Electrical cables underneath loft boarding...

16 Mar 2009
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United Kingdom
I am currently re-boarding my loft (previous owner - botched job, nuff said) and taking the opportunity to lay more loft insulation in the process.

The existing insulation is only a few inches deep so I am topping up with 150mm deep Spaceblanket over the top. These are unrolled easily down the length of the joists and I have enough slack in all electrical cables to lift them to run on top of the new insulation.

Having added this top up insulation, it is proud of the joist top by 20-30mm in places. My plan is to lay the boards on top and just compress the insulation in the process (have tested this and it works no problem).

My question is - is this okay from an electrical cable perspective. Cables are on top of all the insulation, but will be pretty tight against the underside of the loft boards because I have compressed the insulation slightly. Is that okay?

Any thoughts welcome!
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In the regulations we have four scenarios
called 100
called 101
called 102 and
called 103.

From your description you are using 102 this gives a 2.5mm cable a rating of 21A however if you are using 103 the rating drops to 13.5A in all cases the cables are fixed i.e. they have cleats of some type holding them to a beam or ceiling or floor. Cables are not free to go where they like.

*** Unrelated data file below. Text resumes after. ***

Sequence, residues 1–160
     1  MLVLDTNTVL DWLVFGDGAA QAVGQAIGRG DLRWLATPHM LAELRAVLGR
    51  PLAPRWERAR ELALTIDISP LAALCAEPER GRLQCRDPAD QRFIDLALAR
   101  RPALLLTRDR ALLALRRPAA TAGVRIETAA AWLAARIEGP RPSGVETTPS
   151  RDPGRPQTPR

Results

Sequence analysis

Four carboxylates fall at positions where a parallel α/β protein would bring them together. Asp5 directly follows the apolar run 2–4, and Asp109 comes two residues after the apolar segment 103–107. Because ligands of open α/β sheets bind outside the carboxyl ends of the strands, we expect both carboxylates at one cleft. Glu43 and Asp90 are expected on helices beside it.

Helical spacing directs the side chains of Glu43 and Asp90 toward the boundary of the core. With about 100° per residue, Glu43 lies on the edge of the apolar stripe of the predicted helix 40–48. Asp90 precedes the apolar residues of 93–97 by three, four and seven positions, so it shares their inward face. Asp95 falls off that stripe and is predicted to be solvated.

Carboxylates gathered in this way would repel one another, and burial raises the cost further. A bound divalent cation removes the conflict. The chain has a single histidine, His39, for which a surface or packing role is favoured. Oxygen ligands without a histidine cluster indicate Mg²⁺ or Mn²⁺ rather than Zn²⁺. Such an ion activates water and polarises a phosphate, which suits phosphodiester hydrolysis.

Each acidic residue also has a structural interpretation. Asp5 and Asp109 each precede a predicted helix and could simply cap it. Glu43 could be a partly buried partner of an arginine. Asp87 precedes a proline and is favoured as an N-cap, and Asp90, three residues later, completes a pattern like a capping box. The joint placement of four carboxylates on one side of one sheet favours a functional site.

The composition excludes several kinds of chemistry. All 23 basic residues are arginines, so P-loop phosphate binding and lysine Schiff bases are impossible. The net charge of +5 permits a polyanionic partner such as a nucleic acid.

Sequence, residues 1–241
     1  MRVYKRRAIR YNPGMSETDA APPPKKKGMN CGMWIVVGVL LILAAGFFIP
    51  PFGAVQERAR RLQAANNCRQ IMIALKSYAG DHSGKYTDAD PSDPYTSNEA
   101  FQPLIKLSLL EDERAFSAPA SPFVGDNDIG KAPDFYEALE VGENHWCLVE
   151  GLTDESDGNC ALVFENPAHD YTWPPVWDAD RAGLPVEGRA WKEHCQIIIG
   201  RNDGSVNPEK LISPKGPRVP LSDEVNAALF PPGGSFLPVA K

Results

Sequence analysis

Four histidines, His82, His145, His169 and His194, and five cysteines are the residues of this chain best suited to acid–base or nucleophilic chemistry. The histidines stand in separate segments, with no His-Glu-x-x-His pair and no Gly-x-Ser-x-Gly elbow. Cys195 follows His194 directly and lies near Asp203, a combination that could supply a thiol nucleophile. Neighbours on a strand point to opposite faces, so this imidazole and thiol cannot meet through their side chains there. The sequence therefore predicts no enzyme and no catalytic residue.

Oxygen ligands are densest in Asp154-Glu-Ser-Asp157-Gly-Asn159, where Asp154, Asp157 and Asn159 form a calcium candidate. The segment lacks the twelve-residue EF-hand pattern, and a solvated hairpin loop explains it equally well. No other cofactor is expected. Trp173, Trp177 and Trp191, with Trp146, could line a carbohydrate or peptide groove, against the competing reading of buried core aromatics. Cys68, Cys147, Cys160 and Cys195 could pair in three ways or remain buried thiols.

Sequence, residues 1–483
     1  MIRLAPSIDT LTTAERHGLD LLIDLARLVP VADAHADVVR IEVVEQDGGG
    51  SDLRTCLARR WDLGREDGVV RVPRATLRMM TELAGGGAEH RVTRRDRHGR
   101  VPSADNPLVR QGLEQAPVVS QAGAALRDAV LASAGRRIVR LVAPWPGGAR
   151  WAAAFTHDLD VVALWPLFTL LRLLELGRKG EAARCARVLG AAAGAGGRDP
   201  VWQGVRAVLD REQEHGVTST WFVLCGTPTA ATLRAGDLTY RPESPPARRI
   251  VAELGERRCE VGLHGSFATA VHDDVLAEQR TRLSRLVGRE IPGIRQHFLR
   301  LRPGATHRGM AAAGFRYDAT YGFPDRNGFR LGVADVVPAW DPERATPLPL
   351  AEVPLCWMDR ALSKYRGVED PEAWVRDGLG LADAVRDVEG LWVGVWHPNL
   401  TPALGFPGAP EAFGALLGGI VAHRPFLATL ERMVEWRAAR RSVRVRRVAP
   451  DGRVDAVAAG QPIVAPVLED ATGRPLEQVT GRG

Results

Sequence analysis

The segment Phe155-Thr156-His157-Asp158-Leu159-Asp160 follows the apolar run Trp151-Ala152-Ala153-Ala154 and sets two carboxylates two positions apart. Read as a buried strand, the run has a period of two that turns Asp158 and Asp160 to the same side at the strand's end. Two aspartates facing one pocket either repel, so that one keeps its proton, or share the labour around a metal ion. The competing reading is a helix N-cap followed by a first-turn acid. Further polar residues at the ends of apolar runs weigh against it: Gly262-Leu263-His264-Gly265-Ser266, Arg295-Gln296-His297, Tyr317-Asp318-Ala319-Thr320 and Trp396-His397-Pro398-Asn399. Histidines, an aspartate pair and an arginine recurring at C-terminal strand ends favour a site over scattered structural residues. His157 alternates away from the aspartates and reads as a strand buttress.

Once on hides cables they come under the 50mm rule and if not 50mm deep with need protection which can be done by fitting an RCD or by using Ali-tube cable or by using conduit. In the latter case then it comes under another set of installation rules not the four shown.

Basic idea cables get hot and must be able to cool by touching something which can conduct the heat away. A beam or circulating air will do this. And the current you can pass through a cable depends on cooling. With lights rated 6A on a 1.5mm cable there is unlikely to be a problem. With power especially a shower supply cable one has to be very careful. PVC cable is designed to run at up to 70degC and some of the others for example Ali-tube cable can run up to 90degC and of course as well as cable damage due to over heating we must also consider what it is attached to.
you do realise in compresing the insulation by any amount, you are reducing its effectiveness to insulate
Thanks both.

I was aware it reduces the effectiveness of the insulation - but I assume it will still be a lot better than what was there before (which was practically nothing).

Sounds like I am okay with the cabling in terms of heat - they are all lighting cables (no showers or anything else high rated). I hadn't considered the 50mm rule though and I guess that with the insulation pressing the cables up to touch the boarding I had better put the cables into conduit for protection.

Thanks both for the pointers.
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Sorry - one more question...

I have an RCD on the main house fuse box (which all the aforementioned cables ultimately feed to). Is that good enough - or do I need to use conduit as well?

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